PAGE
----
‘History—what does it mean to you?’ He paused and looked around the blank faces in the room. ‘What is the difference between history and memory?’ Someone coughed nervously. ‘While these are rhetorical questions, we can shape our enquiry into history by defining the difference between history and memory. Would anyone like to have a go?’ He looked expectantly at the class. ‘Emily, how about you?’

‘Ummm—oh gosh, well—I guess history is what happened. Ummm—memory is what you think happened.’ She felt the answer was pretty lame. Emily looked at Beatrice for support, but she was surprised at the look on Beatrice’s face―it was like someone had suddenly walked over her grave.

‘Not a bad attempt, but I think you got it around the wrong way. Memory is about what happened and history is our attempt to understand the meaning of what happened. The modern conception of the self has memory at its core. You are what you remember. Identities retain the traces of the past in subtle but important ways. So now—Beatrice, are you okay?’ Mr Garcia had suddenly noticed her pale face.

‘I—I think I just need to go to the bathroom.’

Beatrice stood up uncertainly and hurried from the room.

‘Sir, perhaps I should go with her. Make sure she is okay.’

Mr Garcia nodded and Emily hurried after Beatrice. She found her locked in a cubicle and Emily could hear Beatrice sobbing. ‘Bea, are you okay?’

‘Yes,’ she sniffed.

‘What happened?’

Beatrice opened the cubicle door and walked to the sink. ‘I don’t remember anything.’ Her voice was a whisper.

‘What do you mean?’

Beatrice told her about the car accident and her memory loss. ‘So now I live with my grandmother. She says my memories will come back in time. Sometimes I get little flashes but they don’t make any sense.’

Emily didn’t know what to say. She put her arms around Beatrice’s shoulders and hugged her. Beatrice’s hair was soft against her face.

The Witch in the Mirror – Part 23

Ailis twisted the petals in her fingers. She was lying on her stomach in the woods studying the wildflowers. She picked a handful and wove them into her curly red hair.

She looked up as a flock of ravens flew high overhead. They would be heading back to the mountains for the summer to roost. Their black shapes circled once before disappearing toward the east.

Her stomach grumbled with hunger but Ailis was too busy to bother doing anything about it. She had until the sun was high until she had to take her father’s lunch to the blacksmith forge. It had only just risen above the treetops so she had plenty of time. Besides, it was warm and peaceful in the woods.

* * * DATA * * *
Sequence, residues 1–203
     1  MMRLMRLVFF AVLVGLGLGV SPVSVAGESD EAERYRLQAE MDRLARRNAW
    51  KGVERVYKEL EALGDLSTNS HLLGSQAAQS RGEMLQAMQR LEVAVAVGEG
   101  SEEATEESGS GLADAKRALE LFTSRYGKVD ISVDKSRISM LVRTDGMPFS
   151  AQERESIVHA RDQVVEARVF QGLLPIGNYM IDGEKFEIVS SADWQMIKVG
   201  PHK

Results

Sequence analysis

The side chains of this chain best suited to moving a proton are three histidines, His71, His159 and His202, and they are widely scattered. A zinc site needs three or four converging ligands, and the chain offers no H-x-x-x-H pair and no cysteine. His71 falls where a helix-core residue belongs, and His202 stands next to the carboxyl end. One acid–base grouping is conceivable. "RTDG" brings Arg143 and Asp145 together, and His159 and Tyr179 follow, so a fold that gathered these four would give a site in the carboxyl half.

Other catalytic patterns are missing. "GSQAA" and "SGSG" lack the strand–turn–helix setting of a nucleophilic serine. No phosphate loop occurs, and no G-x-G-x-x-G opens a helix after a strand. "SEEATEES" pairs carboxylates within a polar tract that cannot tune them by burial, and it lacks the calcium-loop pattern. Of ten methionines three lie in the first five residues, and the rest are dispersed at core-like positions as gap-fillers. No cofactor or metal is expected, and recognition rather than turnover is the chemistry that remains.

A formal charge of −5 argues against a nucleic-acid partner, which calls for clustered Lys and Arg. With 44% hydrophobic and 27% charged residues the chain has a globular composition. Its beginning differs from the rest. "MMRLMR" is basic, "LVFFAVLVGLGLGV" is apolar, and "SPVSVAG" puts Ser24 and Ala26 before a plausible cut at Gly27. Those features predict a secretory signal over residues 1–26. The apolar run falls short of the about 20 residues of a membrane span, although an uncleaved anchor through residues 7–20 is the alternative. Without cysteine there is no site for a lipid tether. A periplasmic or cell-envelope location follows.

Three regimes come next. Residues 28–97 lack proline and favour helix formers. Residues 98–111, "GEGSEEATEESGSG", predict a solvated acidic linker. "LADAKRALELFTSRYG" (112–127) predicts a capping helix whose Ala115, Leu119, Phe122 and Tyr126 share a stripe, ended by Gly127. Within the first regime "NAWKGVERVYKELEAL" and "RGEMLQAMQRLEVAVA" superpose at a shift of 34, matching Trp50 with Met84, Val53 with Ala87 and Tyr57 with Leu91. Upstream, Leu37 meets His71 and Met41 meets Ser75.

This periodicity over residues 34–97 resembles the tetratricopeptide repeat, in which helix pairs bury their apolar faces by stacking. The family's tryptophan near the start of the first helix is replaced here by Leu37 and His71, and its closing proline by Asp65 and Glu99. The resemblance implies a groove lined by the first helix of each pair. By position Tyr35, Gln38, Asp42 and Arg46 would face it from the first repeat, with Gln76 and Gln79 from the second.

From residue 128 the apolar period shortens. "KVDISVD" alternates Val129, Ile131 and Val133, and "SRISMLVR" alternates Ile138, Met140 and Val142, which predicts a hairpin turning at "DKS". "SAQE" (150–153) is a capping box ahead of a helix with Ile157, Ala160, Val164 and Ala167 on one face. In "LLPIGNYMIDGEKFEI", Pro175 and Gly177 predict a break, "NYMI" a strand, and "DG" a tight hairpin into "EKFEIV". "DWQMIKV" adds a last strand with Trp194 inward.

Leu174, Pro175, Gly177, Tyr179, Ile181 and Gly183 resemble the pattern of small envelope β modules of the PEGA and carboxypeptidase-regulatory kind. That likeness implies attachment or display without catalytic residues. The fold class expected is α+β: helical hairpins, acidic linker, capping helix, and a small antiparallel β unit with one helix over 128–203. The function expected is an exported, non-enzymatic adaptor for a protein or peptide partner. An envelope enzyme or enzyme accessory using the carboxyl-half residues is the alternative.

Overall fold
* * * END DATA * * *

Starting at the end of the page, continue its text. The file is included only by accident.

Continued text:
Through the trees Ailis could hear the water of the lake lapping against the shore. She stood and walked through the trees until she could see glimpses of blue. She felt a thrill of excitement. She had never come this far into the wood before. But today was special. It was her birthday—and she was no longer a child, having bled for the first time last full moon.

Ailis’s red hair glinted in the sunlight as she stepped from the trees and moved to the edge of the lake. The lake stretched so far she couldn’t see the other side. Somewhere over there was the Westerly Mountains and on the other side—so her father told her once when she was young—was a magnificent castle where the king sat on his throne of gold.

Wouldn’t it be wonderful to sit on that gold throne and rule the kingdom? Ailis smiled to herself. One day she would travel to that far away castle. Maybe she would even meet a prince and he would fall in love with her—even though she was only a blacksmith’s daughter. She grimaced and looked down at the patched skirt she wore. Her hands were small and still soft but she could feel callouses starting to her form on her palms. She rubbed her hands against her skirt, as though that would rub the callouses away. When she found her prince she hoped he would see the heart that lay beneath the patched skirt and calloused hands. He would shower her with beautiful things and she would never have to wear old clothes and live in a tiny cottage ever again.

Ailis closed her eyes and tried to imagine what a castle even looked like. The sun was warm on her face and she spread her arms wide. She began to picture herself flying—across the lake, over the snow-capped mountains, toward the distant castle. She felt light—light as a feather. Like she was floating …

Ailis opened her eyes and gasped before falling back to the ground with a thump. She had been floating. Flying! Really flying. Did she have magic? She felt a thrill of fear. Magic was forbidden throughout the kingdom. It had been forbidden years ago. Ever since before she was born.

She dimly remembered the stories her mother had told her. She had trouble remembering what she looked like now. It had been so long ago. She could remember her grey hair. She knew her face was kind even though Ailis could no longer picture her anymore. She had just disappeared one night. Ailis’ father had said she was with the king’s army, working as a healer for the soldiers. She will come home one day, he had said. But Ailis didn’t believe it anymore. If she was still alive she would surely have come back to them by now. Bryn the blacksmith never talked about Saba anymore, but Ailis had never forgotten that she had told her she was special. She had touched the pendant and said it kept her safe and she should never take it off.

Ailis felt the pendant under her dress. It was warm where it lay between her small breasts. She looked around to make sure she was still alone. A mischievous grin crossed her face.

She could fly!

The Witch in the Mirror – Part 22

Beatrice and Emily were at a bench in the science lab. They were both studying the test tube in front of them. Their first assignment was to observe the chemical reaction when they added a number of substances together.

‘So what do we do next?’ Beatrice asked.

‘Using the tongs, place the strip of magnesium in the bottom of the bottle,’ Emily read from the instruction sheet.

Beatrice carefully picked up the long magnesium strip with the tongs and placed it in the bottle.

‘Now add a pinch of salt and seal the bottle.’